What's More Effective, Inbound Marketing or Advertising?

In a word, both. But its important to have content on your website before you invest in advertising. Here's why.

Is Content Marketing or Advertising Better For Lead Gen?

Oh, how the marketing game has changed and the mighty have fallen. Residential construction marketing formerly involved direct mail, TV and radio commercials, billboards, and most predominantly, magazine ads. A marketing message was shouted at the masses in hopes that it would stick and they would pick up the phone. Many times it did but it was a numbers game in which you paid a substantial amount of cash to reach hundreds of thousands of people who could care less to attract a few interested prospects.

Better websites, blogging, social media, online advertising and email marketing, in particular, has changed all that. Consumers aren’t all that receptive to those one-directional, often annoying messages any longer. They do their research when they’re looking for an architect, interior designer or design-build firm. They expect more personalized two-way interaction with us now, and they expect us to prove our worth, by demonstrating expertise and professionalism.

What Is Inbound Marketing?

Inbound marketing is all about creating valuable content that brings customers to us because they’re genuinely interested in what we have to say. It involves blogs, white papers, videos, search engine optimization, social media posts, interactive websites and more. It’s marketing for a built environment (or any industry, for that matter) that communicates with potential customers on their terms, not ours.

As with traditional marketing, there are stages of inbound marketing for a built environment. After creating and promoting content through all the appropriate channels, architects, designers and design-build firms have to focus on converting those visitors to leads. You can offer a free white paper download in exchange for an email address or a clickable call-to-action button on your website offering an exclusive deal. Then there’s the process of closing those leads through strategies like email marketing and continuing to interest and engage those customers so they will remember us and refer us.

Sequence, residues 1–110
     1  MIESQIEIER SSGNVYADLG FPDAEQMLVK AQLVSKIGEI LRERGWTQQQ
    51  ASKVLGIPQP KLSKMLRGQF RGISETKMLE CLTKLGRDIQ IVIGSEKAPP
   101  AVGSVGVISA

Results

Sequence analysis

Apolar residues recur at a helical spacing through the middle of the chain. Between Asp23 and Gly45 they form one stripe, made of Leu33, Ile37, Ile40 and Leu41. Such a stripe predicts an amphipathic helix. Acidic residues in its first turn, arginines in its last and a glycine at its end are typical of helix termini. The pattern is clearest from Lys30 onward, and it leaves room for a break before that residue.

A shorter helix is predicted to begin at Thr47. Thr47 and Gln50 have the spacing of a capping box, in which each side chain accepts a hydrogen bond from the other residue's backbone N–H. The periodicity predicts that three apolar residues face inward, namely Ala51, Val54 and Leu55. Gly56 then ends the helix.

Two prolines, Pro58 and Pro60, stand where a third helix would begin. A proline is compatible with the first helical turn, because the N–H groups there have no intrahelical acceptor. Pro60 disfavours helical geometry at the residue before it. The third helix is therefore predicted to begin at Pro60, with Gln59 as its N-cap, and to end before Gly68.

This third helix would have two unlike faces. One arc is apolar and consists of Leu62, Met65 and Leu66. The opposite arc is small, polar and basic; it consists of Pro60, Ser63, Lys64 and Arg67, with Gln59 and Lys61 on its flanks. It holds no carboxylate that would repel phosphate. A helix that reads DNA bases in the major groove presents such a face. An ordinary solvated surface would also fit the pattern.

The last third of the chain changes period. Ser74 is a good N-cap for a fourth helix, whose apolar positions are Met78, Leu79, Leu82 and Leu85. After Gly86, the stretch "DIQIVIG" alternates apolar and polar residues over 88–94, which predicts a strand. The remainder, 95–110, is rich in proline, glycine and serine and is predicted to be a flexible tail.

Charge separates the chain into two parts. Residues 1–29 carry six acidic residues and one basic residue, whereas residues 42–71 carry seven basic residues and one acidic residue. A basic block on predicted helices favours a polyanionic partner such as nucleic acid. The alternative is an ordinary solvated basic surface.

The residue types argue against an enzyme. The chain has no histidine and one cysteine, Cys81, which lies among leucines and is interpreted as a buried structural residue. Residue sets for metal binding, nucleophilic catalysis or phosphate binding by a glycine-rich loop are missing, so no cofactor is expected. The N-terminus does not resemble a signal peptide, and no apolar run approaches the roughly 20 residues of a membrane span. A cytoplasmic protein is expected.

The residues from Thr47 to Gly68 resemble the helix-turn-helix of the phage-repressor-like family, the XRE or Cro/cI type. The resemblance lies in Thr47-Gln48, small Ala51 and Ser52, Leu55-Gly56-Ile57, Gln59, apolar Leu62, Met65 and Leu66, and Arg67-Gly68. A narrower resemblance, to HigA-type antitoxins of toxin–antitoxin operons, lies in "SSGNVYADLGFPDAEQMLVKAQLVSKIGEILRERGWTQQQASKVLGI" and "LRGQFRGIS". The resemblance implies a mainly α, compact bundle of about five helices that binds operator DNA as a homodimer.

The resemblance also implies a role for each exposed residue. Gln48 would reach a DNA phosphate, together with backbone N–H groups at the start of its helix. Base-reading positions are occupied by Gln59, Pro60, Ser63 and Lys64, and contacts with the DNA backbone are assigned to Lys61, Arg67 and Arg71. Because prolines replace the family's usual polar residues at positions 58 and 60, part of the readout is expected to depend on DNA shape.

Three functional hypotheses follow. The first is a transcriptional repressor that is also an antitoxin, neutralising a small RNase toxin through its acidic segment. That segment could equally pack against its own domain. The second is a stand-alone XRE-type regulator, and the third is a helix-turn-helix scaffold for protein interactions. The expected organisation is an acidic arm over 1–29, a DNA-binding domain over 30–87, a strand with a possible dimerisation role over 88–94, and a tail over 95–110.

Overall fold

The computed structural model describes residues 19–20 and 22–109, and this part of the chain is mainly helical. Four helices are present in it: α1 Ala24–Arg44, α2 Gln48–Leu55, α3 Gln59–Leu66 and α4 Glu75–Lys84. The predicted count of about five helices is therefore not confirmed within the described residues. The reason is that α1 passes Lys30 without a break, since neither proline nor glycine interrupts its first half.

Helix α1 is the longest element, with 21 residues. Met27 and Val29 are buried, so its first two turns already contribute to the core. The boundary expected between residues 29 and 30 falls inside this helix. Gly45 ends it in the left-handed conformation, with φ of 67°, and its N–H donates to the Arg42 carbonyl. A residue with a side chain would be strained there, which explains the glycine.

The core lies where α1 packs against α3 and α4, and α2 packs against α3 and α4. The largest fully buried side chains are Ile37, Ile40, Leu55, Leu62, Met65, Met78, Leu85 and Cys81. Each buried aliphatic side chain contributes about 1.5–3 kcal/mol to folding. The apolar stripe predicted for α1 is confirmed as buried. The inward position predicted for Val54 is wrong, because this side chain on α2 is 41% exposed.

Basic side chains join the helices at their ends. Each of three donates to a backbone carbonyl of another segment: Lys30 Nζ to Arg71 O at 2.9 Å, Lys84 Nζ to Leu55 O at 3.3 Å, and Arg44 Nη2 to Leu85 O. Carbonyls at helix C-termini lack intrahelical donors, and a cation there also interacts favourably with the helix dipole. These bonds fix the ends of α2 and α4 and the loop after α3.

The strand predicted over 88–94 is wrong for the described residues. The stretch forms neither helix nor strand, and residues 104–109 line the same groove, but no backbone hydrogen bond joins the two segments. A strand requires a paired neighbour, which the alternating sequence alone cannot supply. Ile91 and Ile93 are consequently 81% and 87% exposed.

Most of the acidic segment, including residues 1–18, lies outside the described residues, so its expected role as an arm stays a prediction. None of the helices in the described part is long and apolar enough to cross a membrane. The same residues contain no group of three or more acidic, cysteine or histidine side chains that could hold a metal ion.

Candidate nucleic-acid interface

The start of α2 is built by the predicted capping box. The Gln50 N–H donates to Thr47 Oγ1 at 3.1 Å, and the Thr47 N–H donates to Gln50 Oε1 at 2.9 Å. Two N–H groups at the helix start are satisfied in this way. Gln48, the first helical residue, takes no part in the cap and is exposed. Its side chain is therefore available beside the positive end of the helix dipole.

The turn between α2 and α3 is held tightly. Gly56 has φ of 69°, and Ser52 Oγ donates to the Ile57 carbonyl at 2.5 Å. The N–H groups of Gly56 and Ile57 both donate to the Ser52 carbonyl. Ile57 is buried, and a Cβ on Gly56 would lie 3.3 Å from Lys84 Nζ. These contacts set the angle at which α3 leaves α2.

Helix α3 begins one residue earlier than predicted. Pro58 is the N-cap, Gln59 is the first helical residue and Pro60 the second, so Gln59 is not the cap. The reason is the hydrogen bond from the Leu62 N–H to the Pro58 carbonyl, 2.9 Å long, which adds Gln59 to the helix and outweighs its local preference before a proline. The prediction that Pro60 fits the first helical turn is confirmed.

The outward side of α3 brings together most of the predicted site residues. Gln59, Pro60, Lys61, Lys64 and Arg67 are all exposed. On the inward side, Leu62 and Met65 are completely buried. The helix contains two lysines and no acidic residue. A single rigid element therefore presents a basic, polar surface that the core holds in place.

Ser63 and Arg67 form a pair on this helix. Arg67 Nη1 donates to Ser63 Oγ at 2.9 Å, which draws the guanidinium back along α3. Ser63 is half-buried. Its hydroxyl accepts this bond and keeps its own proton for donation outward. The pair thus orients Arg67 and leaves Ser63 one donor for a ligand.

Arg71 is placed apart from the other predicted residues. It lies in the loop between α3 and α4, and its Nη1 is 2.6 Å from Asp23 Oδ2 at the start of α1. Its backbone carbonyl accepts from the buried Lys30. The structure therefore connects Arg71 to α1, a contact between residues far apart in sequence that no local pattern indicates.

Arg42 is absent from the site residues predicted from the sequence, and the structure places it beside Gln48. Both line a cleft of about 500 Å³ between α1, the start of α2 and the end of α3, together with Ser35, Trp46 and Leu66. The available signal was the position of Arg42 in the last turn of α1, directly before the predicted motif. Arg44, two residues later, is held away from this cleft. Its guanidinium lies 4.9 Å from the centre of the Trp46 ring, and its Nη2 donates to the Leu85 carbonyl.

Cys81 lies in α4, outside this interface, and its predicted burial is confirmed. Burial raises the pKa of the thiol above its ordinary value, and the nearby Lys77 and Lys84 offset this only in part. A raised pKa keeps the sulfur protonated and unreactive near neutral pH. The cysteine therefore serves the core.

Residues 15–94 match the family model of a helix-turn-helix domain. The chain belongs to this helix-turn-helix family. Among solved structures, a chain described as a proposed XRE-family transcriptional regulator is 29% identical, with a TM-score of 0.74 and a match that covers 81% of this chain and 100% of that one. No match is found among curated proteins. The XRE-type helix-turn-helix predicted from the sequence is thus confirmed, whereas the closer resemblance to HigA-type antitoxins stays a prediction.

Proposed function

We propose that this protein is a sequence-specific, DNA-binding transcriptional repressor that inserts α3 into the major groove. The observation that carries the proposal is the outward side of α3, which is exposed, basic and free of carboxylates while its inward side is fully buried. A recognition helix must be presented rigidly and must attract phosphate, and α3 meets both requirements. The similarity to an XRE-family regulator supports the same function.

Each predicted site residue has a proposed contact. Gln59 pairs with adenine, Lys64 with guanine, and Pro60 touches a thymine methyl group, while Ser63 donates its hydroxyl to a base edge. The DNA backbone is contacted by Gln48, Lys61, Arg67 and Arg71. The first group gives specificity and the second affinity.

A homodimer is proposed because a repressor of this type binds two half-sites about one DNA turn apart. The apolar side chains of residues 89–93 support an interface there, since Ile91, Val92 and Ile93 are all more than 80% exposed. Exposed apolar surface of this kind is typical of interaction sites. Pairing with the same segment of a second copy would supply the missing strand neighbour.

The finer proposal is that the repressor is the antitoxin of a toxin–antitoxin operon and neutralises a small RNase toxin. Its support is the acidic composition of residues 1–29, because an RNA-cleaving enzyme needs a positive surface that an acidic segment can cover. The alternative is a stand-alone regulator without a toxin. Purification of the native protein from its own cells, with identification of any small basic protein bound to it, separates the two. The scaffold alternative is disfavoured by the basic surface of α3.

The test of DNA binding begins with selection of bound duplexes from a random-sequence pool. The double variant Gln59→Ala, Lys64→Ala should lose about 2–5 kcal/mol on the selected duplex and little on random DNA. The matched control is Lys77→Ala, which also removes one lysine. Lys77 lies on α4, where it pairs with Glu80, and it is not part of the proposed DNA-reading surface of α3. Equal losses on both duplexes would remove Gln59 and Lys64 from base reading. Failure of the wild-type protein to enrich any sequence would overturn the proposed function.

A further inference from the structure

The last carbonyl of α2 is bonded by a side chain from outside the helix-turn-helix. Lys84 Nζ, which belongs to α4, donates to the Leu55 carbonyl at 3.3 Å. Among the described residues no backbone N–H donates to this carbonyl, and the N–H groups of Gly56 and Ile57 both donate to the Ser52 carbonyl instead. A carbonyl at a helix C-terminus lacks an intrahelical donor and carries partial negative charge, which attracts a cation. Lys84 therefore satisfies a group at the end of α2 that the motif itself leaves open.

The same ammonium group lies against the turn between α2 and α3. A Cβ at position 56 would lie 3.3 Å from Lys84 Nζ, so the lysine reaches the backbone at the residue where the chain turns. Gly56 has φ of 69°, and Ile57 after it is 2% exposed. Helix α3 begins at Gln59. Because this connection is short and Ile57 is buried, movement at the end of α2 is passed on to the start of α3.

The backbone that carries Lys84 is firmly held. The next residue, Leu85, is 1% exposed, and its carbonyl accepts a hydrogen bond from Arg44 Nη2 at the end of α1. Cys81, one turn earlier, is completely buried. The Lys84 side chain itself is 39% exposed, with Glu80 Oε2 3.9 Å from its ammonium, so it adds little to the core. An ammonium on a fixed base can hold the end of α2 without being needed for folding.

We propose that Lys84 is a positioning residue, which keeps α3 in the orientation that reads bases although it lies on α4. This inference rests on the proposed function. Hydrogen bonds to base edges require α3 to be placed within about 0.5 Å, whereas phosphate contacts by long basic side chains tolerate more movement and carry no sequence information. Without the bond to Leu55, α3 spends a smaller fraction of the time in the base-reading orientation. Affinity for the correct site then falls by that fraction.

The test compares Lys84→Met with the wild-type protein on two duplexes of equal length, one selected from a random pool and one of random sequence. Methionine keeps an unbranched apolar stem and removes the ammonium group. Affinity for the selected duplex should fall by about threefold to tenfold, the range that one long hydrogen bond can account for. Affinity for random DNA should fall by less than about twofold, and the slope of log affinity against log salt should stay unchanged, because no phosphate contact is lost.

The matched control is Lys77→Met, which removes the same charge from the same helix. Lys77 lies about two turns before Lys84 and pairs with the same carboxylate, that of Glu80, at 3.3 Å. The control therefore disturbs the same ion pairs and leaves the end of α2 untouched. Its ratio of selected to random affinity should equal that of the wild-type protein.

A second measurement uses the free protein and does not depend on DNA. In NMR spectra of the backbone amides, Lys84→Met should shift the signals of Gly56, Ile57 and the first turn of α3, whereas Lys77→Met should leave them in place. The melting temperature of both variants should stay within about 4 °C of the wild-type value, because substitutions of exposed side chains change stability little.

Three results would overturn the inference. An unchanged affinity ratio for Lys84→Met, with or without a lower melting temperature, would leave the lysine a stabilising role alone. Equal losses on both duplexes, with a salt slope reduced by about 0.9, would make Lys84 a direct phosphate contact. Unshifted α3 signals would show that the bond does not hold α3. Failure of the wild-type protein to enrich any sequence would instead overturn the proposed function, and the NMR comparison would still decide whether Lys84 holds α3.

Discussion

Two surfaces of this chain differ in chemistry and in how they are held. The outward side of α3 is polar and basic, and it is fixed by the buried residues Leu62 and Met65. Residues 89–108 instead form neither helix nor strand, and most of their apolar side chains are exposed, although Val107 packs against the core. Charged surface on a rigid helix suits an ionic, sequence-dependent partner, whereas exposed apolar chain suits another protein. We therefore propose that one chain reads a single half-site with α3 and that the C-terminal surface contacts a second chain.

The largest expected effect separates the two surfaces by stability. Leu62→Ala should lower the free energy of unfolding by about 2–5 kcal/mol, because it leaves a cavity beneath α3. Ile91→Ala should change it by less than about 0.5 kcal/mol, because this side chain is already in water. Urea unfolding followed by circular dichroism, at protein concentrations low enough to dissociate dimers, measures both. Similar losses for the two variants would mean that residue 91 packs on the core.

Pros and Cons of Inbound Marketing for a Built Environment

Inbound marketing and content marketing strategies work because the customers come to you over time and you get to demonstrate your expertise through blogging and email marketing. They feel empowered to choose your company based on what they’ve read and researched, not because they feel pressured. Virtual conversations are how today’s consumers want to interact with the people they choose to design and build their homes.

Inbound marketing is also highly effective for creating long-term brand loyalty. Clients feel connected to us like they know us personally because they follow our blogs for advice and interact with us regularly through social media. Clients are apt to refer companies they trust, and referrals are essential to marketing for a built environment.

Is Advertising Dying Off?

No, not completely. Think about TV ads during the Super Bowl: They commanded $133,000 per second this year. Outbound marketing still has its place, particularly for giant corporations. But its effectiveness is in decline overall.  Here’s the rub, if your an architect, interior designer or design-build contractor, most advertising is so broad that your wasting precious marketing dollars by sending your message to people who will never use your services. It is not targeting your ideal clients. One area where traditional advertising still works well for built environment firms is print advertising. But print advertising is not enough on its own, it should be part of a content marketing strategy that includes blogging, social posting frequent website updates and and inbound lead capture initiative.

Print circulation spending already fell from $9.8 billion in 2008 to $7.9 billion in 2012, and is estimated to fall at a compound annual growth rate of 4 percent to $6.4 billion in 2017.
— Price Waterhouse Cooper

Consumers want to see Super Bowl ads, but in many other cases they’re trying to avoid outbound marketing. They record TV shows so they can skip the commercials, and they have caller ID to avoid telemarketers. Even newer forms of outbound marketing like pop-up ads turn them off - some people will just close the page.

Content marketing using inbound strategies have not only proven more effective when marketing for a built environment; they’re less expensive. You’ll gather more leads and connect with more clients for a fraction of the cost. The next time you put together a marketing plan, consider using inbound techniques - it may save you money.

About Michael Conway and Means-of-Production

My firm builds Squarespace websites, email marketing campaigns, and advertising solutions for built environment professionals. Our all-in-one content marketing approach will help you attract better clients to your website, gather contact information and keep in touch with them over the long run.